According to a new investigation performed by Amnesty International, Apple is one of several technology companies using cobalt mined by child labor in their lithium-ion batteries. The report claims that Apple, Sony, Samsung, and Microsoft are all using the cobalt mined by child labor, as are electric car makes like Volkswagen and Daimler.

There are a handful of steps before the cobalt actually gets to an iPhone, however. Traders first purchase the mined cobalt from small producers, then sell it to Congo Dongfang Mining, which is a subsidiary of Zhejiang Huayou Cobalt Ltd, a Chinese mineral retailer. Battery manufacturers are next to acquire the cobalt, using it to produce the lithium-ion batteries found in smartphones like the iPhone.

Amnesty International conducted interviews with 87 current and former cobalt miners, 17 of which were children. The children told the organization that they worked 12 hours a day in the mines, carrying heavy loads and earning between one and two dollars per day. One 14-year-old boy stated that he would work 24 hour shifts in the tunnels. There are an estimated 40,000 children working in mines throughout the Democratic Republic of the Congo, some as young as seven.

Regarding the Amnesty International report, Apple issued a statement to the BBC. The company reaffirmed that it has a zero-tolerance policy when it comes to the use of child labor in its supply chain. Apple says it is currently investigating the claims against its cobalt supplier.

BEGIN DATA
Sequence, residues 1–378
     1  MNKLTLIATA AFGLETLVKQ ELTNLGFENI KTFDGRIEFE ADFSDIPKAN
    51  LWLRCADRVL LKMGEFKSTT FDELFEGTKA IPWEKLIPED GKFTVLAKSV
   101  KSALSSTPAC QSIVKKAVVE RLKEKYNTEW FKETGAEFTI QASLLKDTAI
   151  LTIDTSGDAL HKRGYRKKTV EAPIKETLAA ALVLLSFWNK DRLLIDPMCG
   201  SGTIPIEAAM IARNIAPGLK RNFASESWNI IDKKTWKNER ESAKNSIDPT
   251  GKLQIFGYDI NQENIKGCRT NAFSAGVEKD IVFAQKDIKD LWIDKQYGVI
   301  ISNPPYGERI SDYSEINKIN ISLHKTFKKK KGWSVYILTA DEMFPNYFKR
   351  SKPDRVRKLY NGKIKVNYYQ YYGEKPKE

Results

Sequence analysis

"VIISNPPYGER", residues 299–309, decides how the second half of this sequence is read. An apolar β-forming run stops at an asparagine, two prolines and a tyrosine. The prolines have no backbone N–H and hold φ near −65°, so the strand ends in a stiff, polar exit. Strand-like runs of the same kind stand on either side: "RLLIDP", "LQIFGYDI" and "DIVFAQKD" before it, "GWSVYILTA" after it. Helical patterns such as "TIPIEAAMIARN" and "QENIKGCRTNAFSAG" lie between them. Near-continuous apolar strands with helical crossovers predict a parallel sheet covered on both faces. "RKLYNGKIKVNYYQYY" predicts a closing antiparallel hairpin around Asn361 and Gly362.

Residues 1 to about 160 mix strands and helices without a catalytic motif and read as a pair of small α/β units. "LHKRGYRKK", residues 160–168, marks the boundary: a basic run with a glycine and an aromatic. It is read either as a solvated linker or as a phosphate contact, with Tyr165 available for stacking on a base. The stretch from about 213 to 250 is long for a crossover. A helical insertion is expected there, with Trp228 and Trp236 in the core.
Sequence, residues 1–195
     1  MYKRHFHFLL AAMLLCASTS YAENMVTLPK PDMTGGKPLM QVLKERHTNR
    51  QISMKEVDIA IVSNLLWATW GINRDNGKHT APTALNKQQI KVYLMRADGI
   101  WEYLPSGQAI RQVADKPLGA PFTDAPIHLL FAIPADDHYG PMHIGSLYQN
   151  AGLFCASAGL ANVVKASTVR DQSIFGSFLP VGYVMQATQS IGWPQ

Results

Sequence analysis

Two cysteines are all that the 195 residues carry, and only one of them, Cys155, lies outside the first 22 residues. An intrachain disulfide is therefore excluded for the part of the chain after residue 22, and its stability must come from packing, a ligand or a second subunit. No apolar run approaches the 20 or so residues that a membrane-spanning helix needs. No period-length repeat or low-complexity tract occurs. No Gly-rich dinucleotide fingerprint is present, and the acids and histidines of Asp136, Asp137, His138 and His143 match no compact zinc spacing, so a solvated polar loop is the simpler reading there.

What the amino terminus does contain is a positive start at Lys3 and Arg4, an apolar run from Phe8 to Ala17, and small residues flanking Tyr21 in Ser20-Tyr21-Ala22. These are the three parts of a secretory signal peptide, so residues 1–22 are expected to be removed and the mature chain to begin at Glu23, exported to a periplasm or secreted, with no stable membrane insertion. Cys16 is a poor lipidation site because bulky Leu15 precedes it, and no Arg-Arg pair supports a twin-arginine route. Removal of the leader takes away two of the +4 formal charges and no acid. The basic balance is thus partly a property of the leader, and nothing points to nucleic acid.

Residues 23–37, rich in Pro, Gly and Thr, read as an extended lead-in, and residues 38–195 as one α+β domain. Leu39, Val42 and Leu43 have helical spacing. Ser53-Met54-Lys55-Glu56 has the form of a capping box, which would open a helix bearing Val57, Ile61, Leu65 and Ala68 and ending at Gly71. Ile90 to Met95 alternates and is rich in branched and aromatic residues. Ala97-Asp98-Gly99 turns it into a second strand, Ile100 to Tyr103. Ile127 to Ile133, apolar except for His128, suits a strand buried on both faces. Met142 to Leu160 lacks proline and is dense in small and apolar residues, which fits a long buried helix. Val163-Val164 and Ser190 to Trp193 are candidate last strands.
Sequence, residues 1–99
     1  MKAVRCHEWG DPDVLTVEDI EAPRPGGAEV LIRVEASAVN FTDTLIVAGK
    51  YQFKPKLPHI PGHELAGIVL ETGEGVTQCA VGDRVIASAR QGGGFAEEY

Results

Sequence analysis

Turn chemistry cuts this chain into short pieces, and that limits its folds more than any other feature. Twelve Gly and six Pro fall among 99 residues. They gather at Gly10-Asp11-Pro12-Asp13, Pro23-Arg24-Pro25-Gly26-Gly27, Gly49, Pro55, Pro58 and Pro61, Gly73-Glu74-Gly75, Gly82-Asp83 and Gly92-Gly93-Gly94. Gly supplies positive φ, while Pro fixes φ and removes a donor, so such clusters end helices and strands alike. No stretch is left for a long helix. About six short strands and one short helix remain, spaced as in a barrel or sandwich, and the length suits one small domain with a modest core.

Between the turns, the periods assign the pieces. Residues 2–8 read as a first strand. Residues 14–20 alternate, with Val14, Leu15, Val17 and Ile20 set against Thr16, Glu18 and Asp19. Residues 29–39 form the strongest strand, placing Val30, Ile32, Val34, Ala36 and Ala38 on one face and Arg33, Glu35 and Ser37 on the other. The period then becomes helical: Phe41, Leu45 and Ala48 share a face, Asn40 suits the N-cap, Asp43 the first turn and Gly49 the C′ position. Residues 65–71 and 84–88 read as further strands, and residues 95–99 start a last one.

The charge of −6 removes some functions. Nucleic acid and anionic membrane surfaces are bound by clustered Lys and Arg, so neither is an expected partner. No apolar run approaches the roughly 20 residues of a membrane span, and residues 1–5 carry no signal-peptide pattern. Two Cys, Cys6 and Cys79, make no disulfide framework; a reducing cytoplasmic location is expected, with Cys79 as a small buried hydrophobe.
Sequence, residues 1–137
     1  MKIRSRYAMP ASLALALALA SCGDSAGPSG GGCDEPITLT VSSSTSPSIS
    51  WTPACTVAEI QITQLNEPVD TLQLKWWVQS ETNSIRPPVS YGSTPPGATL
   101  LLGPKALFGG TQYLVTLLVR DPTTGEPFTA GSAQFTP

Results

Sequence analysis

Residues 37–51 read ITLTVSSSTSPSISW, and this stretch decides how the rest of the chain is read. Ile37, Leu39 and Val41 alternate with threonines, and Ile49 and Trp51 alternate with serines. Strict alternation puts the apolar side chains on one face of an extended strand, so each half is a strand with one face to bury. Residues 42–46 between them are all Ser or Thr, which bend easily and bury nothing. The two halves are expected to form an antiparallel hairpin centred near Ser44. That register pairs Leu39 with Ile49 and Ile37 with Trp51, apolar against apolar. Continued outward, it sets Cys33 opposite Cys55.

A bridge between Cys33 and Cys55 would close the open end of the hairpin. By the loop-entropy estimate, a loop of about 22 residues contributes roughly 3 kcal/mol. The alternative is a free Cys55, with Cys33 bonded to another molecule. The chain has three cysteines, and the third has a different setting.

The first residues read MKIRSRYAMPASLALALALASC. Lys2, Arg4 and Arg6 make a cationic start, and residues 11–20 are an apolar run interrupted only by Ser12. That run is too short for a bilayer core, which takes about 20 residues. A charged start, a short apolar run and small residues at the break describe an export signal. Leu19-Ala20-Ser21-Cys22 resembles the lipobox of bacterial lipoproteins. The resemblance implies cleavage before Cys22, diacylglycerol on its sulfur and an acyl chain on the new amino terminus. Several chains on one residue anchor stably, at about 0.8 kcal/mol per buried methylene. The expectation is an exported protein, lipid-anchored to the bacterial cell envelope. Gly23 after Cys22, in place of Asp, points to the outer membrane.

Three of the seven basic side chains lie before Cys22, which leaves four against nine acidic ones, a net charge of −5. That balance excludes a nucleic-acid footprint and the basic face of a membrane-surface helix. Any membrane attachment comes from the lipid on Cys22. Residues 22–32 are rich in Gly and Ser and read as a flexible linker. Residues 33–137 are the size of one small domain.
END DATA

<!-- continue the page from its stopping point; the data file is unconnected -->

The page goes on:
“Underage labour is never tolerated in our supply chain and we are proud to have led the industry in pioneering new safeguards.  We are currently evaluating dozens of different materials, including cobalt, in order to identify labour and environmental risks as well as opportunities for Apple to bring about effective, scalable and sustainable change.”

When a supplier is found to be violating child labor laws, Apple forces it to perform the following tasks:

  • fund the worker’s safe return home
  • finance the worker’s education at a school chosen by the worker or his/her family
  • continue to pay the worker’s wages
  • offer him or her a job when he or she reaches legal age to work.

Every year Apple releases a Supplier Responsibility Progress Report that discloses information discovered in audits of its suppliers around the world. Last year, the company dropped four smelters from its supply chain after they refused a conflict-free audit. In 2014, Apple was put under fire for a BBC documentary that claimed to show the negative working environment of Apple’s supply chain. Following the accusations, Tim Cook said he was “deeply offended” by the allegations and that Apple is constantly working to improve working conditions.